Social Media Sucks, Photo: Natalija Bah Čad
Social Media Sucks, Photo: Natalija Bah Čad

I’ve used this not-quite-serious title as a reaction to the social narcissism that we see almost everywhere and always these days. It’s actually really hard to avoid it, even in our little meetings industry community – selfies, Sunday lunches, personal feats, family holidays, children in all kinds of poses, beef soup, doggy joy (“isn’t he SO cute?”), wannabe photos, those first vegetables from your garden (say CHEESE!), holiday debauching, the deep contemplative thoughts about life and death, rock’n’roll… Sometimes you get the thought that every social colleague is preoccupied with finding the perfect picture and getting it ‘posted’ before anything else.

At one of the recent workshops I attended on content marketing, one of the participants asked about the advisability of such social narcissism triggered a reaction that divided the participants into two camps: committed advocates of “social networking” and those in the “back to the roots” bracket. The debate even went so far that one of the participants declared taking “selfies” as a mental disorder, backed up by the American Psychiatric Association having taken it upon itself to name this disorder SELFITIS, defined as ‘the obsessive compulsive desire to take photos of one’s self and post them on social media as a way to make up for the lack of self-esteem and to fill a gap in intimacy’. As with all such disorders, the discussion raged, there are many kinds of selfitis, ranging from the acute to the chronic phases, the most problematic of all being the pathological narcissists, who, it was suggested, don’t seem to be lacking in the meetings industry either…and who are the cases chronically burdened by their appearance and looks, which pretty much hints a little of the Oedipus complex…

At this point I cut through the dilemma with Solomonic explanation that this is really about social networks, which are most often intended to forge social contacts. In our field this is associated with entertainment and fun. Whilst this simple answer partly calmed the heated discussions, I decided to spice my interpretation with the fact that social networks are now more popular than porn sites, and so event organisers find it difficult to avoid them. A few days later I was therefore not entirely shocked by the information that the organisers of world-renowned physics lectures in Ljubljana completely filled the congress hall and the only communication tool was Facebook.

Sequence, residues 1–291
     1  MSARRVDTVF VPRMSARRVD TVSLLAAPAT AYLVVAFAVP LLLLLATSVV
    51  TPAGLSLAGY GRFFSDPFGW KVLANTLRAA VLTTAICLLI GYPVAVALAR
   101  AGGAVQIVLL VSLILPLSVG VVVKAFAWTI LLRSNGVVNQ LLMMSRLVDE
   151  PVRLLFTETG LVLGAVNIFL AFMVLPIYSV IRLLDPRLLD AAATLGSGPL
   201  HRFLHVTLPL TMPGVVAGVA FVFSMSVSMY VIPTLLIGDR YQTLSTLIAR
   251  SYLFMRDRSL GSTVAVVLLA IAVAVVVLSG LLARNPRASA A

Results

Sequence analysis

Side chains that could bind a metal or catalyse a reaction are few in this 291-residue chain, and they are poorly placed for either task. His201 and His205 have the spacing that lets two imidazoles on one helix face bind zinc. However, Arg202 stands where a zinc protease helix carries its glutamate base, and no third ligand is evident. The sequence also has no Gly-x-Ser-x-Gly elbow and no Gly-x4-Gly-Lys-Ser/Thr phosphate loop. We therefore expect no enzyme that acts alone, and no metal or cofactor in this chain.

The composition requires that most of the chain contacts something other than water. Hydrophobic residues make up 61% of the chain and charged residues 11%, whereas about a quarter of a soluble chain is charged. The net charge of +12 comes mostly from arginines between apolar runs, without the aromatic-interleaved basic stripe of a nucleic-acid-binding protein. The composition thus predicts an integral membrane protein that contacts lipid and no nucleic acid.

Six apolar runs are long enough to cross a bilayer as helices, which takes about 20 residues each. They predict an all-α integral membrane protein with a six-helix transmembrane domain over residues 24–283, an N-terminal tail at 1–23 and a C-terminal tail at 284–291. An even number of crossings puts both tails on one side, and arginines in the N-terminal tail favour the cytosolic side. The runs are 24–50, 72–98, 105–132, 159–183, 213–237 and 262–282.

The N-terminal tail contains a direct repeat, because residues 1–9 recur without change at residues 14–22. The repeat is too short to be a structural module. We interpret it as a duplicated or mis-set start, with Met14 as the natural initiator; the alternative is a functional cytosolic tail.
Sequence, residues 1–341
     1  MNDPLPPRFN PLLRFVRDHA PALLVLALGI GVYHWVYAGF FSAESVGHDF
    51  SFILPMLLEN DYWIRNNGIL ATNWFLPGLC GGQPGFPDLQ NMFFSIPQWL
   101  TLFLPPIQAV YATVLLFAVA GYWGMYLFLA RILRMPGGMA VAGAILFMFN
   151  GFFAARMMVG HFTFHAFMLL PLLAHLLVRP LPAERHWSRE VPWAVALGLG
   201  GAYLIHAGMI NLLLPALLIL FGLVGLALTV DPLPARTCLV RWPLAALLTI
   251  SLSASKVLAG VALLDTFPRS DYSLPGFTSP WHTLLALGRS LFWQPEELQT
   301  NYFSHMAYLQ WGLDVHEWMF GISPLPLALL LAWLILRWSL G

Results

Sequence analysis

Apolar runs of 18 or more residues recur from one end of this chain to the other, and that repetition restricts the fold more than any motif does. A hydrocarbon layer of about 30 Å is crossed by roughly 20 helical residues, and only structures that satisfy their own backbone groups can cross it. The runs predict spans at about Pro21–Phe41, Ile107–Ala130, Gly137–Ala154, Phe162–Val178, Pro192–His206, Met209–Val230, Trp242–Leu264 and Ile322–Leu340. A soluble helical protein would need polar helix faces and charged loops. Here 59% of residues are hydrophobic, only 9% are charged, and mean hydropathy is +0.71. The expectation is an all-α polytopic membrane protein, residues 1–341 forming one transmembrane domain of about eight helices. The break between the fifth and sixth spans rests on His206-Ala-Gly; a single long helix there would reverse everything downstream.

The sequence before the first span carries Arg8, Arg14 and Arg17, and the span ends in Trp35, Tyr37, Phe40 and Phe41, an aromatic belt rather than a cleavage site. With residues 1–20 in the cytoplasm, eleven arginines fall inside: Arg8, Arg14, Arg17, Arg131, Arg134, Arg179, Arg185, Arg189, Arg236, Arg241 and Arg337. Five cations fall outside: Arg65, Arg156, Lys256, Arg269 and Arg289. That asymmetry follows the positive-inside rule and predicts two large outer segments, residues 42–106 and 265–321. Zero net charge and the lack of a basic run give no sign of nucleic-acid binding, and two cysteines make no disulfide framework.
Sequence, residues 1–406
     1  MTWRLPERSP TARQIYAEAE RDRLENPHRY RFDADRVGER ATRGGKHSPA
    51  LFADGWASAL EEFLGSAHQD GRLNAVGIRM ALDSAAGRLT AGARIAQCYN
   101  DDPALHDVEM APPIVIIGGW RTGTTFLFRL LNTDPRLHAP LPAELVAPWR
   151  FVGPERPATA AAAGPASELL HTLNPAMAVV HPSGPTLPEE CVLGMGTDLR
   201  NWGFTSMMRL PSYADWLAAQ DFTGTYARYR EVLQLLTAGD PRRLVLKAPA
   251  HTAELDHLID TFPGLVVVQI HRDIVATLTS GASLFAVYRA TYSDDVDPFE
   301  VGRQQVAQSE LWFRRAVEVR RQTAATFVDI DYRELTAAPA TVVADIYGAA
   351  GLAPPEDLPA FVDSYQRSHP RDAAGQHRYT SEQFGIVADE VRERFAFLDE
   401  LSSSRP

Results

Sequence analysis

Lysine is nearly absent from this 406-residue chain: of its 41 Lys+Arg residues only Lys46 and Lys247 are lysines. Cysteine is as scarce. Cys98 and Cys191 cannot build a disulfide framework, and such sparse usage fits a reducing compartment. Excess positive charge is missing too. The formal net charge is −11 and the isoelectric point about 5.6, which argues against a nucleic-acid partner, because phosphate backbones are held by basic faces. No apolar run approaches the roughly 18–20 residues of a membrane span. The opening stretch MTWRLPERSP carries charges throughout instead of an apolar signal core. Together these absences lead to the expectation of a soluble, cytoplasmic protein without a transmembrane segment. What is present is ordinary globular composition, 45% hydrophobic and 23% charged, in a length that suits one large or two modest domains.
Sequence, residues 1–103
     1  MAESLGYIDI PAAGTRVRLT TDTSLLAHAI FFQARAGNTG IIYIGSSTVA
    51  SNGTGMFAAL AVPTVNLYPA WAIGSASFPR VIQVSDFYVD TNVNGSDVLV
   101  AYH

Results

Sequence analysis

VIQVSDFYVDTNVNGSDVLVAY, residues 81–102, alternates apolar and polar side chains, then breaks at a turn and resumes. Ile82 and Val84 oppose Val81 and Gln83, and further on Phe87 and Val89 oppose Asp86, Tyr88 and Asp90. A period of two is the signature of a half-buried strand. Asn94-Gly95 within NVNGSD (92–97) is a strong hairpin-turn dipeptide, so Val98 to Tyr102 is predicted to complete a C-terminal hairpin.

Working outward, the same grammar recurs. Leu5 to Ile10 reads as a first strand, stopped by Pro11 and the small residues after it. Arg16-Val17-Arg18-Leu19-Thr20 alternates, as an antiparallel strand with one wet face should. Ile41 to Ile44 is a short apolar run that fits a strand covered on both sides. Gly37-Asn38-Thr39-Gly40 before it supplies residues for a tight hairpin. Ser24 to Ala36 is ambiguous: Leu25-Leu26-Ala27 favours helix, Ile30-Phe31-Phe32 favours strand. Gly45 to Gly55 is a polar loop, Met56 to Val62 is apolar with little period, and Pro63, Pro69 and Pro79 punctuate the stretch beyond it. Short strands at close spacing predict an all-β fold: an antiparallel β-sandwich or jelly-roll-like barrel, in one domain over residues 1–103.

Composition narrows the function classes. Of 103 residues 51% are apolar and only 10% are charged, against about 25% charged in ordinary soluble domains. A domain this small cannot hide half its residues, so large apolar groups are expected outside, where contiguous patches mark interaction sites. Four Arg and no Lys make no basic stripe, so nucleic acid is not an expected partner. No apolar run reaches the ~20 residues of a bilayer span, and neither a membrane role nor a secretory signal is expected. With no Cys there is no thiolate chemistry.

So, safe to say that event organisers are now firmly embedded in social networks. It is an exciting, fully accessible world that we live in, which might persuade you to attend an event. Communication is no longer loaded by any kind of social distance; building relationships is at times even easier than in the real world (although entering and exiting relationships is simpler and easier too). If you’re unsure, just take a look at the young people around you. The most successful organisers are those who surmount the barriers between social networks and the actual forming of genuine relations that only occur ‘live’. The end result? [pullquote]Your SOCIAL CAPITAL is highly important if you intend to seriously deal with events.[/pullquote]

A recent analysis for the needs of workshops carried out by expert Primož Žižek for Ljubljana Tourism has shown a big gap between the use of social networks among congress participants and key stakeholders, from Convention Bureaus to individual providers of hotels, agencies and others. It seems that we significantly lag behind the rest of the world with our use of social networks, which is today considered as “the more likes you have, the more you are worth”. There is plenty of room for development and innovation in marketing. In doing so be cautious but ambitious: don’t be lead by the herd instinct and function according to the ‘if you jump, I’ll jump’ principle. This area of our work requires a strategy and a thorough examination of the product and the communication objectives.

Before you take your next selfie, however, please consult your doctor and pharmacist, despite what has been written above!

SELFITIS: The American Psychiatric Association (APA) has officially deemed taking selfies as a “mental disorder”. APA defined the disorder as a type of an obsessive compulsive disorder to take one’s own pictures and post them on social media. They also stated that this condition is a mechanism used by people to make up for their low self esteem and increase intimacy with other people.

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